2.10 Predicting speeds of tidal streams

We have focused so far on determining which way the tidal stream will be flowing and when. This is often enough to plan a simple sea kayak journey. However, it is sometimes useful to estimate the speed of the tide with greater precision.

Information from either tidal diamonds or a tidal stream atlas can give information on flow speeds at springs and neaps for each hour. What if it isn’t springs or neaps?

There are two methods to calculate tidal flows – using factors and using interpolation. Factors are quicker, but interpolation may be a little more accurate.

We calculated a tidal factor earlier as the ratio between the actual tidal range and the range at mean springs. Given that the tidal range is what drives the tidal streams, we can simply multiply the factor by the flow speed at springs to estimate the speed that we will experience.

What will the maximum flow be in St. Mary’s Sound on 1 June 2020?

We previously consulted a tidal diamond (and a pilot) and found that maximum flow speed in the Sound is 1.7 knots at springs (and 0.8 knots at neaps).

Consulting the Plymouth tide table….

First row of tide table for Plymouth

The tidal range on June 1st is 4.9-1.8 = 3.1 meters. Given that the mean range at springs is 4.73m, the factor is 3.1/4.73 = 0.65 - i.e. between springs and neaps.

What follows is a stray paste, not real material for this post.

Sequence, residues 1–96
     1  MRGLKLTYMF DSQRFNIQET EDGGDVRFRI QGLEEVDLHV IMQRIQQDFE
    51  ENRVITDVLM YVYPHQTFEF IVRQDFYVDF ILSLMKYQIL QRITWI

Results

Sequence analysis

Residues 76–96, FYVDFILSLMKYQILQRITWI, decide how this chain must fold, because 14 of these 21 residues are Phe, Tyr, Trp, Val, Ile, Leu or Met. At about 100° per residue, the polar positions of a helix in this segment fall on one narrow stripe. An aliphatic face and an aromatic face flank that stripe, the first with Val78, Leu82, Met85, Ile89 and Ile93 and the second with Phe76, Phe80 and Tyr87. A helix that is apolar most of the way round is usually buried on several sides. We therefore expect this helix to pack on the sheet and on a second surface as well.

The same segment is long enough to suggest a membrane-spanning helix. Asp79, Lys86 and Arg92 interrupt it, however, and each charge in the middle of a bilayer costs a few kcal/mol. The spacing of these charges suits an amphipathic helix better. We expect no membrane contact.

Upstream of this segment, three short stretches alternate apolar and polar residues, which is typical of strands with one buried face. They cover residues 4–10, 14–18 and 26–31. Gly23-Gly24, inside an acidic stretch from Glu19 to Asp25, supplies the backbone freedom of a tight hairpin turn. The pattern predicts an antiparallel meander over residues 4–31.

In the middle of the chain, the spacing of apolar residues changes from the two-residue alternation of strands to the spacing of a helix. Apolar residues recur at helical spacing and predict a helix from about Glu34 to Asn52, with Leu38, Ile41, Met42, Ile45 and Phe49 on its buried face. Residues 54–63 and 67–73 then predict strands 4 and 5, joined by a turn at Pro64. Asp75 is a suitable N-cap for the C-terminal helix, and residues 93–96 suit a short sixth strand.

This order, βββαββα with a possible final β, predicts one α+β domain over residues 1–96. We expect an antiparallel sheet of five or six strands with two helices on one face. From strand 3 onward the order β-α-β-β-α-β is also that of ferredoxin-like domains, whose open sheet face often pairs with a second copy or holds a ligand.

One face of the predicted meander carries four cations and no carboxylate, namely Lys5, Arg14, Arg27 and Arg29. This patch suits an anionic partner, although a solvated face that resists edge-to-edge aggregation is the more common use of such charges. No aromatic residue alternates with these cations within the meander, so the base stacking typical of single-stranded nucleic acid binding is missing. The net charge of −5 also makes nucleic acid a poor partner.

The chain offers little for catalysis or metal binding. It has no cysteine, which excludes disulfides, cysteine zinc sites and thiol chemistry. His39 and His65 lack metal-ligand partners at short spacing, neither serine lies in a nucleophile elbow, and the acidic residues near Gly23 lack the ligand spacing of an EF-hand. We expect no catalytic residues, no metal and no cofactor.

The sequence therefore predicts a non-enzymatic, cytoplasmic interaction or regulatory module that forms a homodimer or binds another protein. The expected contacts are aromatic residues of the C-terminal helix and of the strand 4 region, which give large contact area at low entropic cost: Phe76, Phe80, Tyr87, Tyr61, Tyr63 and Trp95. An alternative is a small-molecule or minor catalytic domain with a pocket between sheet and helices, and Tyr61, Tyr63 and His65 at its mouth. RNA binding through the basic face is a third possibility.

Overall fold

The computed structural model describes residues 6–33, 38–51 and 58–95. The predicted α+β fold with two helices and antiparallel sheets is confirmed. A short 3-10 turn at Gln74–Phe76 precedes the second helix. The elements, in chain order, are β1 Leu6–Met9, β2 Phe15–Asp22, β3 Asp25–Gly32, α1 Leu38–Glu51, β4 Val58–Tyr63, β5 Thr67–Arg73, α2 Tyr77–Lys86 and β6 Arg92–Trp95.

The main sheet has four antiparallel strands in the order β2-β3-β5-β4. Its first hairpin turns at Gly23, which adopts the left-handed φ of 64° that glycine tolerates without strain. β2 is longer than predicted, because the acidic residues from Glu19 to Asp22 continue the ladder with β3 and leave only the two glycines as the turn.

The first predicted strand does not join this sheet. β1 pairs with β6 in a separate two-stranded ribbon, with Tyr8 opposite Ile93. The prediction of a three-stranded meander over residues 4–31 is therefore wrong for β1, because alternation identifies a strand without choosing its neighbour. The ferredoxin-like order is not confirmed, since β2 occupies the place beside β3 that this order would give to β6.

We estimate the maximum flow as 0.65 X 1.7 = 1.1 knots.

Interpolation The method of interpolation uses both the springs and neaps flow speeds and associated tidal ranges to calculate flow speed at an intermediate tidal range. This can be done using an equation or graphically. The equation is:

\[ speed@neaps+\left(speed@springs-speed@neaps\right)\frac{range-range@neaps}{range@springs-range@neaps} \]

Using this is clearly a pain, so the calculation is more commonly done graphically using a plot found on the inside cover of a tidal stream atlas:

Plot for interpolation of rates

Tidal stream flows for both springs and neaps are plotted on this diagram against the corresponding tidal ranges – mean springs and neaps ranges being shown on the diagram. A straight line is drawn between these two points. This line can be used to calculate a speed for any given tidal range. An example will help explain:

Estimate the fastest speed of tidal flow in Saint Mary’s Sound on 1 June 2020?

We previously consulted a tidal diamond and found that maximum flow occurs at HW Plymouth and 4 hours later and is 1.7 knots at springs, 0.8 knots at neaps.

We also know from the tide tables that:

range at mean springs = 4.73 m

range at mean neaps = 2.20 m

Note that these correspond to the position of the dotted lines on the computation of rates chart, as we would expect. The tidal range on June 1st is 3.1 m.


Speed = speed@neaps + (speed@springs - speed@neaps)X(range - range@neaps)/(range@springs - range@neaps)

Speed = 0.8 knots + (1.7 knots – 0.8 knots)X(3.1 m – 2.20 m)/(4.73 m – 2.20 m)

Speed = 0.8 knots + 0.9 knotsX 0.9 m/2.53 m

Speed = 0.8 knots + 0.32 knots = 1.1 knots


Mark the speed at springs (1.7 knots) on the upper grey horizontal line, (upper red cross). Similarly, mark the speed at neaps (0.8 knots) on the lower horizontal line (lower red cross).

Draw a straight line (non-dashed red line) between these two crosses.

Draw a horizontal line across from the tidal range on June 1st (3.1 m) (horizontal dashed red line). Where this meets the line drawn previously, draw a final line down vertically. This goes to around ‘11’, indicating 1.1 knots.

Plot for interpolation of rates marked up